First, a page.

By Alan Scherstuhl
By Mark Holcombe
By Scott Foundas
By Nick Pinkerton
By Michael Atkinson
By Scott Foundas
By Keith Phipps
By Alan Scherstuhl
Kevin Smith is leaning into the frayed, yellow piece of newspaper that I've just laid on his hotel room table. It's the article I wrote about him in City Pages after the last time we met—just before Clerks came out—in 1994. "You can't deny that it's kinda cool seeing your name in print and stuff like that," the New Jersey clerk-turned-cult auteur told me then. Now, looking back, he says, "It's so weird to see quotes from 10 or 12 years ago." Do they still ring true? "Yeah—very much so. Like this part: 'Smith says the citizens of Leonardo, NJ [appreciate Clerks], though he thinks they "don't really get it—they're more into action flicks and shit like that."' It's nice to know that I was just as candid—and vulgar—back then as I am now."
Like Clerks II, the dozen-years-later sequel that finds Dante and Randal punching the clock at Mooby's, home of the Cowtipper, Smith appears much the same: Still chain-smoking cigs, still comfortably clad in a baggy baseball jersey, still peppering his laid-back banter with philosophical insight (and the F-word). But in the case of both the new movie and its thirtysomething director, it's the differences that are most compelling. To make Clerks for $27,575 in '93, Smith was forced to relinquish his beloved comic-book collection, then valued at $3,000; Clerks II, albeit a movie about downward mobility, collected its $5 million budget in foreign sales even before the first frame had been shot. That baggy baseball jersey? Now it has Smith's name on it.
City Pages: Dante and Randal haven't fared as well as you have in the last dozen years. Is it harder for you to relate to the characters now than it was in '94?
Kevin Smith: Not really, no. When you look at Clerks, you see that it's not really about working at a convenience store: It's about everything one does not to work at a convenience store—how Dante and Randal create this elaborate world in which they can basically forget what it is they really do. It's the same with [Clerks II]. When I was writing it, I never thought, "God, I'd better go get a job at a fast-food joint so I can put myself back in a wage-slave state of mind." For me, it was more about concentrating on how the characters feel about being in their 30s and perhaps not accomplishing what they had wanted to accomplish.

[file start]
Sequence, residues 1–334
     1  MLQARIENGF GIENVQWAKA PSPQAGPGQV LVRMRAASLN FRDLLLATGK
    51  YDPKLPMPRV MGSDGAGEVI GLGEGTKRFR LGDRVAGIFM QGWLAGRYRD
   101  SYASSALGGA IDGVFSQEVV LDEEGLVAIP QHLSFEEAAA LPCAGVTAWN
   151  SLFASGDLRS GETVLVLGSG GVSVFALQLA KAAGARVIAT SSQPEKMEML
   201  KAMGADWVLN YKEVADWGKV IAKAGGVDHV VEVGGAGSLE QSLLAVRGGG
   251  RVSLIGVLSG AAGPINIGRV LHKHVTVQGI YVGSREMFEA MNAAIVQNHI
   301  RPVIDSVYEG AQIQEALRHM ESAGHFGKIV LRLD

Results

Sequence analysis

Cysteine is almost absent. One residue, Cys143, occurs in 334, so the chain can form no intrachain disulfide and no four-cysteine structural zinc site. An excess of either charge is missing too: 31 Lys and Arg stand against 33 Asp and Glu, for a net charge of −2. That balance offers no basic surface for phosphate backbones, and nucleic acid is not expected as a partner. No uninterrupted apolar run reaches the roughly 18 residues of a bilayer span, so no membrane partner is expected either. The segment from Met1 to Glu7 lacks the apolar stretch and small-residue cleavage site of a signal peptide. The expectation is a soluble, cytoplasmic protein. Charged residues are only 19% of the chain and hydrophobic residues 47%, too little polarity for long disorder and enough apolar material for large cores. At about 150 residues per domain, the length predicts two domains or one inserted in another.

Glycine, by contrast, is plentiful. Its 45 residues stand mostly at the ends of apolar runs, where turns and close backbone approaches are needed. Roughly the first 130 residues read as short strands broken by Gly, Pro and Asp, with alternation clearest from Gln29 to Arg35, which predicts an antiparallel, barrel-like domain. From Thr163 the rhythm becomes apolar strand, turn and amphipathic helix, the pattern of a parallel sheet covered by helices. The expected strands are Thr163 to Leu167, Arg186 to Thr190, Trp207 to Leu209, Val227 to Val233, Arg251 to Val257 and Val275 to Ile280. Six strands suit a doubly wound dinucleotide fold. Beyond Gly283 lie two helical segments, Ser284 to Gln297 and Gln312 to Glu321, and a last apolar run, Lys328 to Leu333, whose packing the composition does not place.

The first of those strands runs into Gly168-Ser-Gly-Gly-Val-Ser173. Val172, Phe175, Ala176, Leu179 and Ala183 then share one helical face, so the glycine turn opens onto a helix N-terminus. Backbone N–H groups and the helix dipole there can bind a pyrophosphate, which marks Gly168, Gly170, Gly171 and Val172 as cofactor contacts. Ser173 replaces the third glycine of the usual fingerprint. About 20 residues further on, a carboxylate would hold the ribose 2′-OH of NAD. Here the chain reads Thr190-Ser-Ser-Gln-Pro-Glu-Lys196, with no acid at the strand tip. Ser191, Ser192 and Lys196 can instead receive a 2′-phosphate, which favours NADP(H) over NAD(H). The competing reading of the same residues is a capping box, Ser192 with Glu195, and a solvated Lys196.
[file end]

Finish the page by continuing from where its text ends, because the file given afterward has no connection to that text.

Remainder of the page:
CP: Do you relate to that?
Smith: I would never bitch about where I am in life. I've been lucky enough to do a bunch of shit that I would've never thought possible 12 years ago. At the same time, because I work in a career that promotes kind of an ongoing, eternal adolescence—I pretend for a living, that's my job—I've never really had that I have to become an adult moment. Some people have adulthood thrust upon them: They have a kid or they get married or they're forced into a job market and have to fuckin' earn no matter what. Me, I got so fuckin' insanely lucky with Clerks that suddenly I had a career where it never felt like I was working. I had to seek out my path to adulthood in a different way.
CP: Would you say you charted that path in Jersey Girl?
Smith: Yeah. Jersey Girl was about having a kid and thinking, "What would it be like if I had to raise the kid by myself?" Ultimately, the movie was a very fantasized version of that story. I realized that not everyone has the luxury of making the same altruistic choice as [the Ben Affleck character], who's like, "Well, I could take that really great job in New York, but if I take a job as a garbage man in Jersey, even though I'd make way less money, I'd have a lot more time to spend with my daughter." A lot of the reviews really seized on that. They said, "It's very easy for Kevin Smith, who's in a financially well-off position, to make a movie in which the choice is in favor of a financially less well-off position." In reality, I never had to make that choice, you know? If someone was like, "In order for you to have a better relationship with your daughter, you have to quit making movies and work at a fuckin' Burger King," I'd be like, "Well, maybe I'll get to know my daughter a little later in life."
CP: Your dad worked a lot, didn't he?
Smith: My father worked at the post office and he hated it. Every day of his life, he would go to work from 11 at night to seven in the morning. It was a soul-killing experience for him. He did it because he had to support his family, and I guess he never thought about trying anything other than that. He never sat me down and said, "Son, the important lesson in life is to get a job that you don't fuckin' hate." But that's what he imparted to me nonetheless. He took early retirement, he had a couple of heart attacks and a stroke and then another heart attack that eventually killed him. I think it was probably because he hated his job so much.
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